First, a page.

"We've come to a basic agreement," Sen. Charles Schumer, D-N.Y., said Sunday, talking about the Gang of Eight's progress crafting a comprehensive immigration reform bill. "First, people will be legalized ... then we will make sure the border is secure ... and after that happens, there's a path to citizenship."

Much of the public discussion about immigration reform has focused on the requirement that the border be proved secure before the creation of a path to citizenship for the estimated 11 million immigrants currently in the country illegally. But Schumer laid out the progression correctly. The still unfinished Gang of Eight plan would first legalize those 11 million (provided they have not committed any serious crimes), and after that would come efforts to improve and certify border security, and then, finally, the path to citizenship.

That first step, immediate legalization, could prove a stumbling block for reformers once it becomes better known. In general, a majority of the public believes that enhanced border security must precede everything else when it comes to immigration reform.

In late March, pollster Scott Rasmussen shed light on those attitudes with a few questions that rarely turn up in the public conversation about reform. "A comprehensive immigration reform plan has been proposed that would secure the border and prevent future illegal immigration," began the first Rasmussen question. "As part of the plan, those who entered the country illegally but have otherwise obeyed the law, would be given legal status to stay in the United States. If you knew that the border would really be secured to prevent future illegal immigration, would you favor or oppose this plan?"

Support for such a plan was strong: 59 percent approval, versus 26 percent disapproval. Republicans supported the idea 50 percent to 37 percent, Democrats supported it 63 percent to 20 percent, and independents supported it 62 percent to 22 percent.

Next, Rasmussen asked another question, but only to those who supported the plan: "Should those who are now in this country illegally be granted legal status right away or should that come only after the border is secured?"

The results were decisive. Sixty-four percent said legal status should only come after the border is secured, versus 26 percent who disagreed. Republicans supported security-first by 79 percent to 17 percent, Democrats supported it by 51 percent to 36 percent, and independents supported it by 67 percent to 22 percent.

Then Rasmussen asked a final question of everyone: "If a law was passed to secure the border, how likely is it that the federal government would actually secure the border and prevent illegal immigration?"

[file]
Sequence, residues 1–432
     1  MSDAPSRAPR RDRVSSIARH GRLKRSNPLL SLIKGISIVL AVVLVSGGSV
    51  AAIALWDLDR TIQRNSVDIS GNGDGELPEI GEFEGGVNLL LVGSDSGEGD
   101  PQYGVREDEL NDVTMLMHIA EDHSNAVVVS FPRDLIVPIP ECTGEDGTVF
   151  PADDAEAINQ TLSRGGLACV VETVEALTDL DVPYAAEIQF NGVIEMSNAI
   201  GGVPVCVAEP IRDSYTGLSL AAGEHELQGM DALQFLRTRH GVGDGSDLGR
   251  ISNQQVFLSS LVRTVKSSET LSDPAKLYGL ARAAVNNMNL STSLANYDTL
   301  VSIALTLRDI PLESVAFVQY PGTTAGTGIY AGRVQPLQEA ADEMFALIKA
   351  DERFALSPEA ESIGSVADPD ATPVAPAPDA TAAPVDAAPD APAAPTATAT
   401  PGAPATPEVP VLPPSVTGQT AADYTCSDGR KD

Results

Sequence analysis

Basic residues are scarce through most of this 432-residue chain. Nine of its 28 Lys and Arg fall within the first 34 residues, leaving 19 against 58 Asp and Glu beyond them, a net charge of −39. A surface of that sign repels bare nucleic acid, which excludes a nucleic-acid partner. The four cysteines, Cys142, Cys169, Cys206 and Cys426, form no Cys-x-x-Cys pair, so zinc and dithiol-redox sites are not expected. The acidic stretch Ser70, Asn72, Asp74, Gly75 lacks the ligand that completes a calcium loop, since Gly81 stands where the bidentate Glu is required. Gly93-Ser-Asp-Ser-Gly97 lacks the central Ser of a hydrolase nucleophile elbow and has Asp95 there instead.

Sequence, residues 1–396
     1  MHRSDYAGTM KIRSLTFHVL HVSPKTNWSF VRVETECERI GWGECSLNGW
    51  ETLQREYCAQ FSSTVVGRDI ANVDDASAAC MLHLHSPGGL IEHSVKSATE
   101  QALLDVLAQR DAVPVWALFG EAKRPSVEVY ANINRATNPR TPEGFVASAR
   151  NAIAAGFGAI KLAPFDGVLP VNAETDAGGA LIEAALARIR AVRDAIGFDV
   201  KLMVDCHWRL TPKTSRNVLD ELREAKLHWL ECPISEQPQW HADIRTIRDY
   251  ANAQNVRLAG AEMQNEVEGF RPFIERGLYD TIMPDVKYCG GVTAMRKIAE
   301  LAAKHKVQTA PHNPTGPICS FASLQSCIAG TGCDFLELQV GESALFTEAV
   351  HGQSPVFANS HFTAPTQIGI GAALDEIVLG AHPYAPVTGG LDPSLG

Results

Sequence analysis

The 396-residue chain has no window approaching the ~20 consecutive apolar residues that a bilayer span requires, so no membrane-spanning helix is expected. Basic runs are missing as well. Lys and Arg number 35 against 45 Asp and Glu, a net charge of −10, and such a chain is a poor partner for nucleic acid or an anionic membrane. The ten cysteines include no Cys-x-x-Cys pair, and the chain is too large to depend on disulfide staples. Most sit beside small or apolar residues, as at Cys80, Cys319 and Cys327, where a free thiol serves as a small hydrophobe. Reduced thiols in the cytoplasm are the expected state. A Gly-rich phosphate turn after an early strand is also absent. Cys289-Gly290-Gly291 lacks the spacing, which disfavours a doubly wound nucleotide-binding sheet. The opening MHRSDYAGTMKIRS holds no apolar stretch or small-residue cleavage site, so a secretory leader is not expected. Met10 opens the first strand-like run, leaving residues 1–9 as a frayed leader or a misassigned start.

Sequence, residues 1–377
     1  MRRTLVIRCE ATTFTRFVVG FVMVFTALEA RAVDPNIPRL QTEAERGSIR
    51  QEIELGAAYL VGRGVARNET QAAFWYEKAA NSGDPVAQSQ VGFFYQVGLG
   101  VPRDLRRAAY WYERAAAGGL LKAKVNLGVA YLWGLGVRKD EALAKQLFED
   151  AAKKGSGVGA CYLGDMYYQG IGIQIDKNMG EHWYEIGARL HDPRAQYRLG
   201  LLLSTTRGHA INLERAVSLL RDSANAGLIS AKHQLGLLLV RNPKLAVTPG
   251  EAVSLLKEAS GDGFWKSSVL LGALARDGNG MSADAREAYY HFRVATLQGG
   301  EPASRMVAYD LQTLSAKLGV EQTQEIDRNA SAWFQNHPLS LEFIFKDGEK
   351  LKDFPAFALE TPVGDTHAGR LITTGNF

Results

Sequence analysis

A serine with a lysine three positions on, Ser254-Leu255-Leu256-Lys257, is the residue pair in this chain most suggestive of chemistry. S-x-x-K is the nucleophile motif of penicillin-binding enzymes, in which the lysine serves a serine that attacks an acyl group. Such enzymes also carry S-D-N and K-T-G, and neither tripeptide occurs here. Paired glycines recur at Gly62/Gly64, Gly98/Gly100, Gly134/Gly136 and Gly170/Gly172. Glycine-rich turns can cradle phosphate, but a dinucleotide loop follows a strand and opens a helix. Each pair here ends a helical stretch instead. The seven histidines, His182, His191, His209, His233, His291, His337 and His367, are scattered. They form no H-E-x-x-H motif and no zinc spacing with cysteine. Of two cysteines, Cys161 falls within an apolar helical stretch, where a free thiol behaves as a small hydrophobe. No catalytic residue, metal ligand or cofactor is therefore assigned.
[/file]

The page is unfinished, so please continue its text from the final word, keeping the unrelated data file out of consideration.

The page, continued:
The answers to that question should give pause to all reformers. Just 9 percent said it was very likely that the government would secure the border, while another 29 percent said it was somewhat likely. That's a total of 38 percent who believe the government will actually secure the border.

On the other hand, 36 percent said it was not very likely that the government would secure the border, while another 17 percent said it was not at all likely -- for a total of 53 percent who don't believe the government will secure the border. (Ten percent said they weren't sure.)

Republicans were the most skeptical, with disbelievers outnumbering believers 63 percent to 28 percent. Independents were just as skeptical, at 65 percent to 26 percent. Only Democrats expressed faith that the border might be secured, by a 54 percent to 34 percent margin.

The bottom line: Most Americans would support an immigration reform plan, but only if border security comes first. And by "first" they mean before the legalization of currently illegal immigrants and before the creation of a path to citizenship. Would they be more flexible if they truly believed the federal government's promise to secure the border? Perhaps -- but they don't believe.

And why should they? Previous pledges to secure the border have ended in half-hearted enforcement. Yes, there is more border security today than there was a decade ago. But there has always been, it seems, a resistance in the federal bureaucracy to relatively simple actions, like finishing a sufficiently secure border fence, that would contribute greatly to enhanced enforcement.

On top of that, of course, is the fact that the American people don't trust Congress to do much of anything.

So it is in that atmosphere that the Gang of Eight prepares to unveil its comprehensive reform plan. The biggest obstacle won't be a guest worker program or some other detail. It will be the public's lack of trust.

Byron York, The Examiner's chief political correspondent, can be contacted at byork@washingtonexaminer.com. His column appears on Tuesday and Friday, and his stories and blogposts appear on washingtonexaminer.com.